Robert Miller, M.D., California Pacific Medical Center, San Francisco, CA
A Phase 2 Randomized, Double-Blind, Placebo-Controlled, Multicenter Study of NP001 in Subjects with Amyotrophic Lateral Sclerosis (ALS)

In collaboration with NEALS and Neuraltus Pharmaceuticals, Inc., Robert Miller, M.D. of the California Pacific Medical Center will lead a placebo-controlled, six-month treatment study to confirm a signal observed in a previous study of NP001, an immune system regulator. Inflammation is thought to be a contributing factor to ALS disease progression and existing NP001 data suggest that it may have an effect on inflammation in the immune system.

Michael Weiss, M.D., of the University of Washington Medical Center in Seattle
Effects of mexiletine on cortical hyperexcitability in amyotrophic lateral sclerosis

In collaboration with NEALS, Michael Weiss, M.D., of the University of Washington Medical Center in Seattle, will lead an eight-week study comparing the effect of several dosages of mexiletine on markers of hyperexcitability. A prior study showed that mexiletine was safe to use in ALS.

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New York Genome Center - $2,500,000

Per the October 2, 2014 announcement, The ALS Association is funding the New York Genome Center’s Consortium for Genomics of Neurodegenerative Disease (NYGC CGND). The New York Genome Center is a state-of-the-art consortium, possesses the capability of generating and analyzing thousands of ALS patient DNA sequences. NYGC brings a wealth of knowledge combining the latest technology with esteemed Institutional Founding Members, Associate Members, a Founding Technology Member and internal faculty with joint appointments at the member institutions. The mission of the NYGC-CGND is to harness state-of-the-art genetic, genomic and bioinformatics tools to gain insights into motor neuron disease mechanisms and to use this knowledge to identify new diagnostic and therapeutic approaches to these devastating diseases.

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Neurocollaborative - $5,000,000

As discussed in the October 2, 2014 announcement, The Neuro Collaborative will combine the efforts of three leading California laboratories focused on ALS: The Svendsen lab at Cedars-Sinai in Los Angeles, the Cleveland lab at the University of California San Diego, and the Finkbeiner lab at the Gladstone Institutes, which is affiliated with UCSF.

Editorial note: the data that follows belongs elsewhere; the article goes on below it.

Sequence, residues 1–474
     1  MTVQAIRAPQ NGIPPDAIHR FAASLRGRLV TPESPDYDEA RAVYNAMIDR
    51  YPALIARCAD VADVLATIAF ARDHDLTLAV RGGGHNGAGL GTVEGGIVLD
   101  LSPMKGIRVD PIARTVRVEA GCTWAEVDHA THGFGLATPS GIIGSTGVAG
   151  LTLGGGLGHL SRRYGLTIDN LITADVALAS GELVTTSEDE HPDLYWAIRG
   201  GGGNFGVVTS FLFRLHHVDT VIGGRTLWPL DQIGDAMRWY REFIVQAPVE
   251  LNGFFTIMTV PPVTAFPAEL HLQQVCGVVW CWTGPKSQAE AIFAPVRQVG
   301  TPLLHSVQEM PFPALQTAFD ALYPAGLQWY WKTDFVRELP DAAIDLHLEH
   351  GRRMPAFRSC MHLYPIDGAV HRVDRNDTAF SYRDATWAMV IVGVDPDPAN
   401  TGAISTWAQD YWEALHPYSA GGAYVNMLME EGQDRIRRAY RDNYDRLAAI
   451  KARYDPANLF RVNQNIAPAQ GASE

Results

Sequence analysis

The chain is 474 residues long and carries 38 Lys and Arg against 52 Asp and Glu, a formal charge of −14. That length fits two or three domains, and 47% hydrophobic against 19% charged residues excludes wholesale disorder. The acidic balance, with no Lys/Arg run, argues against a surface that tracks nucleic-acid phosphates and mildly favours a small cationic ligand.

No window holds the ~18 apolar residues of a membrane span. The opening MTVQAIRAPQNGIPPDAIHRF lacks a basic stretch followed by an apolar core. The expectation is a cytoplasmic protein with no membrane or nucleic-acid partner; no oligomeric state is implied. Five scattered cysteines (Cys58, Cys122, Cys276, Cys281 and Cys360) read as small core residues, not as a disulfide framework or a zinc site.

The project is made possible by the unprecedented outpouring of support from the Ice Bucket Challenge. The Neuro Collaborative is one of four major new initiatives by The Association as a direct result of that support. The goal of the Neuro Collaborative is to discover and develop potential new therapies for ALS, which can be delivered to pharmaceutical companies for further development in clinical trials. Early development of potential therapeutics is a major bottleneck in ALS therapy development and represents a significant opportunity for accelerating new treatments.

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Project Mine - $1,000,000

As discussed in the October 2, 2014 announcement, The ALS Association has committed $1 million to Project MinE, an international effort to sequence the genomes of at least 15,000 people with ALS. The funding will be used to bring this effort to the United States, under the direction of researchers at University of Massachusetts Medical School in Worcester, Mass., and Emory University in Atlanta, Ga.

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Clinical management Grant - $50,000

Melinda Kavanaugh, Ph.D., Assistant Professor of Social Welfare at the University of Wisconsin in Milwaukee, $50,000

On May 12, 2015 The ALS Association announced funding of a study of young people who care for someone with ALS to better understand the needs of youth caregivers and to design support services to address those needs. While the proportion of families with a teen or child caring for a person with ALS is unknown, it is clear that many ALS families include youth who may assume caregiver roles. The new study will collect data on ALS families nationwide and conduct interviews with youth caregivers to better understand their experiences.

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Clinical Research Training Fellow - $86,667

The ALS Association and the American Academy of Neurology (AAN) announced that Hristelina Ilieva, M.D., Ph.D., of the Department of Neurology at the Johns Hopkins School of Medicine, Baltimore, Md., is this year’s recipient for the Clinical Research Training Fellowship. The purpose of the award is to recruit talented and promising young clinicians who propose innovative clinical research and to foster their development to make significant contributions to ALS clinical research.

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Biomarker Discovery and Validation Projects - $1,199,841